Patient autonomy and decision making in treatment preferences and choices is thoroughly entangled with a person’s perception on their personal freedoms. Patients able to understand their diagnosis and its prognosis are in turn capable of making well informed, thoughtful decisions. (Gandsman, 2018). Informed consent is a key aspect to a patient’s individual freedom, and their right to decide the proper avenue of treatment per their own values. When treatment options are no longer curative, diminished suffering becomes the goal. Patients are encouraged when consenting to embark on palliative routes through passive plans of treatment towards end of life, however questioned when consenting on physician assisted suicide as an active route of treatment towards end of life.
Understanding what is personally important and valuable in one’s life is an essential component to making end of life decisions. It is the responsibility of health care providers to properly educate patients and loved ones on the choices available concerning end of life decisions. This enables patients to self reflect and evaluate what decisions are most appropriate to them. This patient centered care approach fulfills the specific needs and wishes necessary to achieve their desired health outcomes. To ensure a patients end of life decisions are carried through, many patients obtain an advance directive. Advance directives are helpful in that they include instructions on how to best carry out health care decisions if a patient is ever in a situation that inhibits their ability to do so. A living will is a type of advance directive that describes what medical treatments a patient does or does not want, such as dialysis, ventilators, or tube feedings (‘Types of advance directives’, 2016). Another aspect to advance directives is resuscitation code status. Patients can elect for a full code, all resuscitation attempts made, a chemical code, only pharmacological interventions are attempted, a do not intubate order, where all measures are taken but do not agree to intubation, and a do not resuscitate order, where no measures are taken.
Wide recognition and use of advance directives satisfies the voluntary requirement necessary in opting for physician assisted suicide. The autonomy allowed to refuse life saving and life sustaining treatments implies the right to choose assisted death. Advance directives offer a clear perspective to patient’s wishes and are written legally while still competent (Menzel & Steinbock, 2013). Patient desires are carefully considered when reviewing an advance directive, and provide clear, legal evidence to patient end of life wishes.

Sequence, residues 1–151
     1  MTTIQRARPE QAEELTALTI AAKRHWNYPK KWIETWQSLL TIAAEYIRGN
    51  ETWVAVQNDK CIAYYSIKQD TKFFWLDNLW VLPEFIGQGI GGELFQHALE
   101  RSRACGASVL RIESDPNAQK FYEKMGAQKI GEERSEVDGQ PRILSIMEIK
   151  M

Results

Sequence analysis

Words hold a heavy framework into how ideas are perceived. Suicide is riddled with negative influence and portrays a sense of hopelessness. By replacing the phrase physician assisted suicide, with physician assisted death, the emotion fiercely tied into the word suicide is loosened and becomes slightly less taboo. The actual act of committing suicide has been decriminalized, whereas physician assisted death performed where legislation has yet to be passed is a crime, thus assisting an individual to commit a legal act, in turn becomes illegal. Individuals electing suicide as a form of ending life commits to this act as an emotionally impulsive and irrational act. In comparison, physician assisted death has legal safeguards such as eligibility requirements, multiple physician evaluations, and mandated waiting periods, rationally considering current and future situations (Gandsman, 2018). As legislation becomes discussed and enacted, legislation must also exist for nurses. Continuing education classes would aid nurses in becoming prepared to properly inform patients and loved ones, and provide necessary strategies to such sensitive and challenging dialogue (Julia, 2016). The event of death is ultimately a private matter. If a patient decides that a faster death is necessary in the event of poor or unbearable quality of life, then it is the right of the patient to maintain one’s personal view of life and death. Ensuring individuals have the right to a dignified life implies they in turn have the right to a dignified death (Naro et al, 2017).